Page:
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Does Cop's Body Cam. Video Help Exonerate Officer Who Off-Duty Firefighter Claims Held Taser 'Inches' From His Face After a Wave?


"...the only thing that anybody wants is to be treated like a mother f***ing human."

Later in the video, Madison has the handcuffs taken off and explains what he was trying to do during the stop. (Image via WFIE-TV video screenshot)

A police department in Indiana has concluded its investigation into a complaint filed by an off-duty firefighter who said he was threatened with a Taser and mistreated after he claims he only waved at the cops. The investigation found the officer did nothing wrong in the stop.

Last week, George Madison, a firefighter and youth minister, was riding his bike when he said he waved at officers in a cruiser, thinking they might be some of his friends in the department. The Evansville officers pulled Madison over, saying he had run a stop sign on his bicycle. Madison said he thought they may misinterpreted his wave as a graphic gesture. The situation seemed to escalate from there with a series of misunderstandings between Madison and the officer -- but Madison vowed not to hold a grudge.

george madison This image taken by someone who attended church with Madison spread with news of what some considered a controversial stop by the officers. (Photo via WTVW-TV)

Madison filed a complaint after the incident, launching an investigation by the department, which WFIE-TV reported Wednesday found the officer ultimately did not violate any department policies.

Part of this investigation included footage from body camera worn by officer Jason Clegg. The footage from the camera was released to WFIE through a Freedom of Information Act request.

evansville body camera video A second Evansville officer was on the scene as seen in this footage taken from Jason Clegg's body camera. (Image via WFIE-TV video screenshot)

evansville body camera video Later in the video, Madison has the handcuffs taken off and explains what he was trying to do during the stop. (Image via WFIE-TV video screenshot)

But while the video has been released, it appears the the camera was not turned on at the beginning of the incident. Footage starts with Madison already in handcuffs and later shows him telling officers why and who he had been calling on his cellphone after he was pulled over. This means it doesn't show the initial wave by Madison or deal with his claims that officers held a Taser "inches" from his face.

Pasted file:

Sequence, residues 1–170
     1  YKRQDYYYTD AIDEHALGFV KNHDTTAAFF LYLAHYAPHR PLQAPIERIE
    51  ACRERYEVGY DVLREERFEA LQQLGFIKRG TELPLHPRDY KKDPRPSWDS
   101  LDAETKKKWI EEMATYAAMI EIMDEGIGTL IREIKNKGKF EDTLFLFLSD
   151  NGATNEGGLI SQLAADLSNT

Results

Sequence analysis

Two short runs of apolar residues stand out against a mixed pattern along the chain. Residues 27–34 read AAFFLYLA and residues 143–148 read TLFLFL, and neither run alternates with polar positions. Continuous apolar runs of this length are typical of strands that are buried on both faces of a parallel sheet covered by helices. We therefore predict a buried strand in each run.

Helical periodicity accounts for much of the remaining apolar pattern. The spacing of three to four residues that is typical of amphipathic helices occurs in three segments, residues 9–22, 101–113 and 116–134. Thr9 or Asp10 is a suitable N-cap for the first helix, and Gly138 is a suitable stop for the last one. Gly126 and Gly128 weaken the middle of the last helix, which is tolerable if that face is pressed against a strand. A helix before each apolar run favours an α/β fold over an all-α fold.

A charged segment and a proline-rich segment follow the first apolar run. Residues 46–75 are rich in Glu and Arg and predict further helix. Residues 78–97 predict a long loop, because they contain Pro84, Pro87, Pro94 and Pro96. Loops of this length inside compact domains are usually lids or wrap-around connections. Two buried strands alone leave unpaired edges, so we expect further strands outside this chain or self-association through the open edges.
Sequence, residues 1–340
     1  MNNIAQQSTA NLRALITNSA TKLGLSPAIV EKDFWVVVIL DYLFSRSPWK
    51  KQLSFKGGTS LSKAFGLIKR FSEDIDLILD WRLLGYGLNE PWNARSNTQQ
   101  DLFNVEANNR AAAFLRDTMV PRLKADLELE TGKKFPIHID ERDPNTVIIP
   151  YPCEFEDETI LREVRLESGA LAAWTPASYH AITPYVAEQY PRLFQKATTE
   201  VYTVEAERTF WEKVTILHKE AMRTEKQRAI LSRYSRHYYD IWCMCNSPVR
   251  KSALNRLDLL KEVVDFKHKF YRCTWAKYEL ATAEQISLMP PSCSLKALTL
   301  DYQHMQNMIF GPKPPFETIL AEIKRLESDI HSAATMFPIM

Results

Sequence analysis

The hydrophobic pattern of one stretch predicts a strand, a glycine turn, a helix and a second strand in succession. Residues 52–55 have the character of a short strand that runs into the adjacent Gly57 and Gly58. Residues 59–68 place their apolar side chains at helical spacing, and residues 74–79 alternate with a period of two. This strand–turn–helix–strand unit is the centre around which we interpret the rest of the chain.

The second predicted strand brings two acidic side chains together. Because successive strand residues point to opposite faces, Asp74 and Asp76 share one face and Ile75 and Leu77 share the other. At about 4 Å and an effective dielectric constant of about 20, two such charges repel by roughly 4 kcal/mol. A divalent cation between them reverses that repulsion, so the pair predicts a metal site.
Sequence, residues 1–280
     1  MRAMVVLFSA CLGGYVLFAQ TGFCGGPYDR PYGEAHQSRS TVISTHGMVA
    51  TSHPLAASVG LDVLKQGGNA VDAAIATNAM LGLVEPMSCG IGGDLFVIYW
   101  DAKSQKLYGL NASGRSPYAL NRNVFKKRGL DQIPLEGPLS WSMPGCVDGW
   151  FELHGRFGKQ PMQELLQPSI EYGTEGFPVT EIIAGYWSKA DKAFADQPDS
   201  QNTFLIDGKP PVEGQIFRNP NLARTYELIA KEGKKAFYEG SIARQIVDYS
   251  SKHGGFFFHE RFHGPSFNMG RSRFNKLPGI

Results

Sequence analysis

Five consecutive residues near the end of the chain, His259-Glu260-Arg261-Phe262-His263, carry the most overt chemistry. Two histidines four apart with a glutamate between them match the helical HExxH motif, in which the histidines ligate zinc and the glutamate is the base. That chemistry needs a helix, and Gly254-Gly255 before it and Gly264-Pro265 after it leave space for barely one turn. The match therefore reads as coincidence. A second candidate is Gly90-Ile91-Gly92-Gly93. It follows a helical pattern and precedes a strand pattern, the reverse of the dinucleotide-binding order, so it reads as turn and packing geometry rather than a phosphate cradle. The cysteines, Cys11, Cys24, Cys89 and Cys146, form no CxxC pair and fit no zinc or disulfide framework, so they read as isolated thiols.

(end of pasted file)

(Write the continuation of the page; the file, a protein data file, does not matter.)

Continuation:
At one point, Madison apologizes for his actions and says he understands that the officer was just trying to do his job.

The stop as a whole caused a stir with some who thought it might have been racially motivated. The Courier-Press reported that Madison didn't think race was a factor but filed his initial complaint because he thought Clegg was being aggressive.

Watch snippets of the more than 10-minutes of footage in WFIE's report:

At one point in Clegg's body-cam video, Madison says "the only thing that anybody wants is to be treated like a mother f***ing human."

At a recent city council meeting, Evansville Police Chief Billy Bolin -- the man who Madison said he was calling during the stop, something that lead officer Clegg to take stronger action in the situation as he didn't know who Madison was calling at the time -- was asked about diversity training in the department.

According to the Courier-Press, diversity training has been given at the department, but not for about 18 months. Bolin went on to say that he doesn't think diversity training is necessarily the issue at stake with this recent situation either:

“I don’t think it’s as much a need for diversity (training) as for common basic courtesy. I don’t know if you can call it training, but we have a departmental newsletter where I’ve addressed diversity issues, where I’ve talked to the officers about how we expect things to be handled, how we expect to treat people. If you talk to any officer on the department, the two words I’ve pounded into their heads over and over is, be nice. Treat people right, and be nice. ... I don’t think it’s a matter of (training); all of them know what they’re supposed to do.”

More police departments across the country are outfitting officers with body cameras to record exactly what happens during certain situations for the safety of the officer and to handle complaints, such as this one, that are filed later.



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